I’ve always been kind of a Pixar fan. They do good films over there, and basically everyone knows it.
Up, when it came out, hit me like a truck. I still can’t watch it again. It’s a movie about loss, and it’s simply one of the most depressing things I’ve ever watched. That’s not the reason for this post; that’s there to set a benchmark. I say that to say this:
I have never had a movie kick the living shit out of me like Inside Out.
There. I said it. Now let me back up.
I read Howard Taylor’s review of it and (even though he put it below his Threshold) had to admit I was intrigued. Personified emotions? It seemed to me like you could really use that as a tool for explaining psychological development. It could be a really neat way to interact with people who have a hard time dealing with their impulses and their emotional control. I figured it would be a solid Pixar movie, and I was intrigued. Then game night cancelled, World of Warcraft’s servers were overloaded, and I was bored. So I headed down to the local theater to check it out.
In the words of Illidan, I was not prepared.
Inside Out is seriously one of the most profound works of art in our time. Movies these days seem to be nothing more than remakes and rehashes. As Happy Harry Hardon once told us, “All the great themes have been used up, turned into theme parks.” So let me be clear: I don’t know how this movie got greenlit. I can only imagine the conversation looks like this:
Pixar: “Hey, Disney. Us Pixar Boys are thinking about making a movie.”
Disney: “Great! We tend to make a lot of money when you do that. What are you thinking about?”
Pixar: “Well, we’re thinking of personifying emotions. You know, get inside someone’s head and show their emotions running around, controlling them.”
Disney: “Sounds cool. Could be really cute, I guess. Happy kids movie?”
Pixar: “Uh…yeah. Happy. That’s one of the five.”
Pixar: “Well, you know…most emotions are important. So there’s actually five. Wouldn’t want to skew this.”
Disney: “But…it’s a children’s film. So, shouldn’t it be happy?”
Pixar: “We were thinking of making it about growing up, and how your childhood is destroyed and replaced by less happy things as you age.”
Disney: “Why in the hell would this make a good kids movie?”
Pixar: “Well, it’d be a really extraordinary learning experience. Parents and kids could talk about a wide range of emotions. We could substantially enhance the ability of parents to understand what their children are feeling and doing by giving children a framework around which to understand it. We could also remind all the parents how completely destroyed their once-happy childhood was, and that’ll effect them on a deep emotional level as well.”
Disney: “So, you want to traumatize an entire generation?”
Pixar: “As a learning experience, yeah.”
Disney: “And you think that’ll be profitable.”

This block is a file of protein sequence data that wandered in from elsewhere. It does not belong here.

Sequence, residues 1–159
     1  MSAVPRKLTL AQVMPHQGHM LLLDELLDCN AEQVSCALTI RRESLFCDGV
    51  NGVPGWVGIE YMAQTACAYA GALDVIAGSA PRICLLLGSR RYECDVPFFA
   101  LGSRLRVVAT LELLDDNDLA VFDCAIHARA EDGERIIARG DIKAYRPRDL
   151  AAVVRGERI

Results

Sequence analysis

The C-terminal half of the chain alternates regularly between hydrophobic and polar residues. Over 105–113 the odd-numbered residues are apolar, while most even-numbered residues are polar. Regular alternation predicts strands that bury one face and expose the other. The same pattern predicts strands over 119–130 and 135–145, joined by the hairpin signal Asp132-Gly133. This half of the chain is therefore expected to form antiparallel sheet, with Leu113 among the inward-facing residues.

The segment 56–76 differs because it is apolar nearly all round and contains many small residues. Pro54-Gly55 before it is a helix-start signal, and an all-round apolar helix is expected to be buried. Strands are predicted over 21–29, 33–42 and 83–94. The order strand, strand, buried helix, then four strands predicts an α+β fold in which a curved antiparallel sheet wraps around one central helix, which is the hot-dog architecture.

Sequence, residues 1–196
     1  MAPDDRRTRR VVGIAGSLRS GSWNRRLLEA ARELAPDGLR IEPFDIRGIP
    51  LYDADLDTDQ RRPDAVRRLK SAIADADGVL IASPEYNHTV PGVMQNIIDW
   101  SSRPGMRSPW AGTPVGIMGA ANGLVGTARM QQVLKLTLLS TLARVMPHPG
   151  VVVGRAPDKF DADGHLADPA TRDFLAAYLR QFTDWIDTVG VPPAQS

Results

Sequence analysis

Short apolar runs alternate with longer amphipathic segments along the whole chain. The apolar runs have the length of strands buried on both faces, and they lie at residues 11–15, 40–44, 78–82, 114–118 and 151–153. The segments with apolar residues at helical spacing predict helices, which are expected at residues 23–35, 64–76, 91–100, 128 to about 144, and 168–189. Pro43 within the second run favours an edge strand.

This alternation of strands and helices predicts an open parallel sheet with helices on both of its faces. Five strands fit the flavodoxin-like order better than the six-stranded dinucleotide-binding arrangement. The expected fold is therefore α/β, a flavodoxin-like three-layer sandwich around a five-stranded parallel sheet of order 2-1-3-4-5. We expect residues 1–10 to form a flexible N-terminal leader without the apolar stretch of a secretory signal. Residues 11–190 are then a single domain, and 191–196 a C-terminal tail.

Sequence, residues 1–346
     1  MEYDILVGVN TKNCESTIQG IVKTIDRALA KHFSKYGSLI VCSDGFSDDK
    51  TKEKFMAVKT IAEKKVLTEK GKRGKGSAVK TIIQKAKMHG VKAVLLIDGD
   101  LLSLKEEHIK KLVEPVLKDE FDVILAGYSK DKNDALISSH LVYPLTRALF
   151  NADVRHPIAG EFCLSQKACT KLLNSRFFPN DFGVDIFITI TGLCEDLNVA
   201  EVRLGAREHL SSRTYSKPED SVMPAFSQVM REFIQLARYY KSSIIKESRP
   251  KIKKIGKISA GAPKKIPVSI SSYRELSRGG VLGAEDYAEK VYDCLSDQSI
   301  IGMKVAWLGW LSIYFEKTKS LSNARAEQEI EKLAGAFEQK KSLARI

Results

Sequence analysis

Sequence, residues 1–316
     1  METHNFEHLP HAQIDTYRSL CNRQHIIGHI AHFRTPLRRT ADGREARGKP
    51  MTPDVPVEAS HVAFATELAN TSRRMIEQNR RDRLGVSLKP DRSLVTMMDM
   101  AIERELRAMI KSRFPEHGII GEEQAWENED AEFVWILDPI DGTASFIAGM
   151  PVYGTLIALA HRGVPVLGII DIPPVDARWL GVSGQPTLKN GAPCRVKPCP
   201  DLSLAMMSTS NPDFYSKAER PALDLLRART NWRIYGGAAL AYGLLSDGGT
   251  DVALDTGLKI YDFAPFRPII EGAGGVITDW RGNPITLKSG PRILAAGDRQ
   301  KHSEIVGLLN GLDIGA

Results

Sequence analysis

Pixar: “We’ll throw in a cat/monkey/elephant/dolphin hybrid made out of cotton candy who powers rockets by singing and cries caramels.”
Disney: “Why didn’t you lead with that? Sold!”
This movie made me mourn those parts of my childhood long left behind. It managed to dredge up every happy memory I’ve had of the past, then drive home the fact that those times are gone. It then proceeded to destroy any hope or dreams I may have harbored about the ability to live in that kind of pure happiness again. Not that I ever really thought that was possible, but still…you couldn’t have let me hope for it?
In short, the movie laid me raw. I sat in the theater as the credits rolled, trying to figure out what in the hell had just happened to me. In every other movie I’ve cried at, and there have been a couple, I’ve been crying out of empathy for the characters. I’ve been moved by their stories, their toils, their triumphs. Inside Out didn’t do that. The profound, and the unique, trick of this movie was that it managed to dredge up my own personal stories and make me cry about those all over again. I have never–never–had a work of art from any medium come at me like that. I’m still figuring out how they did it.
If you are a parent then you need to take your children to see Inside Out. Brace yourself to take the hit, but build a bunch of time into the schedule afterwards to break the movie down with them, see what they thought. The fact that you will then be able to, at any point in time, ask your children which emotion is at the console, will blow your mind. With that simple question, you now have a tool to make the child become introspective about what they’re actually doing and why.
If you are not a parent then you need to go see Inside Out. Don’t brace yourself; you don’t need this movie as the tool for parents that it is. Just take the hit. Take it. TAKE IT. The catharsis on the other side is kind of amazing.
Hat’s off to my new favorite Pixar movie. I have a feeling I’m going to be watching this one over and over again to figure out exactly how they did what they did. But for now, get thee to a theater and give Pixar your cash. They earned it with this one.